Down on Earth, solar cells continue growing in the renewable energy sector. Up in space, solar cells are widely used to power satellites and other spacecraft. As we move towards a greener future and as space technologies keep growing, new solar cell designs are being studied to make them better and more efficient at generating power.

One simple idea is just to make them thinner, below a thousandth of a millimetre thick. Why? Thinner solar cells are cheaper because they require less material to be made. But that’s not all there is to them. These solar cells have other cool properties: they are flexible and they are better at extracting the electrons that we need to generate electricity. Also, if we go way too thin (around 100 nanometres, a thickness similar to the size of a virus) these ‘ultra-thin’ solar cells can even withstand harsh radiation environments in outer space, which means we could use them to explore uncharted areas of our universe.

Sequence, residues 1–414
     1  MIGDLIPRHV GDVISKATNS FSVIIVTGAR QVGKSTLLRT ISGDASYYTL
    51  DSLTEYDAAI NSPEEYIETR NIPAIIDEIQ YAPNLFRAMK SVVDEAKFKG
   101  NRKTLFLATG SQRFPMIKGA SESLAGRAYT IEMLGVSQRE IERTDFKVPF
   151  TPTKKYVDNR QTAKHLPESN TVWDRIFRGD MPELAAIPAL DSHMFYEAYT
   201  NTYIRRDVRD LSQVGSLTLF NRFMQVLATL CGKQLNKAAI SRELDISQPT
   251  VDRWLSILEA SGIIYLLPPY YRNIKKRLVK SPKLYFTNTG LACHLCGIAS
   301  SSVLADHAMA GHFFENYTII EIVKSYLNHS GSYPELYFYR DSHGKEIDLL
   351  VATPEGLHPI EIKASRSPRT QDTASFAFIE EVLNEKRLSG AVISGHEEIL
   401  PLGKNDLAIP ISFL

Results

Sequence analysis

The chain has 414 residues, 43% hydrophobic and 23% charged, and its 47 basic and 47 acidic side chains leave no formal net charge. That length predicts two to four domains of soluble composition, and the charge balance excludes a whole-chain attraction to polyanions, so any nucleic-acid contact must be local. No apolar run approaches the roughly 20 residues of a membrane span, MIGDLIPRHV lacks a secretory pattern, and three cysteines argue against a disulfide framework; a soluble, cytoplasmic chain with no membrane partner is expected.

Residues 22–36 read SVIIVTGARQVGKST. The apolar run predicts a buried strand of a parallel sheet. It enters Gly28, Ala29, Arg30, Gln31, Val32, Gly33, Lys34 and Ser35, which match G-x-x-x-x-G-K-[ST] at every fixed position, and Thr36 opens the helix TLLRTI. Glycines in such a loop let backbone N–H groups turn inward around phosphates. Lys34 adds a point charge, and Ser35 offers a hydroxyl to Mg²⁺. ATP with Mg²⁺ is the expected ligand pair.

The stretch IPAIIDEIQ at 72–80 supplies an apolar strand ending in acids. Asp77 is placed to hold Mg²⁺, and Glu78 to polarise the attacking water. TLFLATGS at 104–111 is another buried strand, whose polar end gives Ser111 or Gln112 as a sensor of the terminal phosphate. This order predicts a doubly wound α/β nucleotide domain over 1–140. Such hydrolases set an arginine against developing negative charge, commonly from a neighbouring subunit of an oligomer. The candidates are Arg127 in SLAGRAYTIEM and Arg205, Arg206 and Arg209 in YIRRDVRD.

Unfortunately, there’s a catch to this concept: the less material we have in a solar cell, the less light it will absorb and the less electricity it will produce. That’s where my research comes in. I look at different ways to enhance the absorption of light in these very thin solar cells so that they can be competitive. In particular, I study the design and integration of structures into the solar cells that can trap sunlight inside them and significantly improve its absorption. These structures are periodic arrays that we can use to control the flow of light. By studying the optimal design of these structures, I hope to enable the development and implementation of ‘ultra-thin’ solar cells, so that we can exploit their attractive properties for space exploration.

Eduardo Camarillo Abad

NanoDTC Student, c2018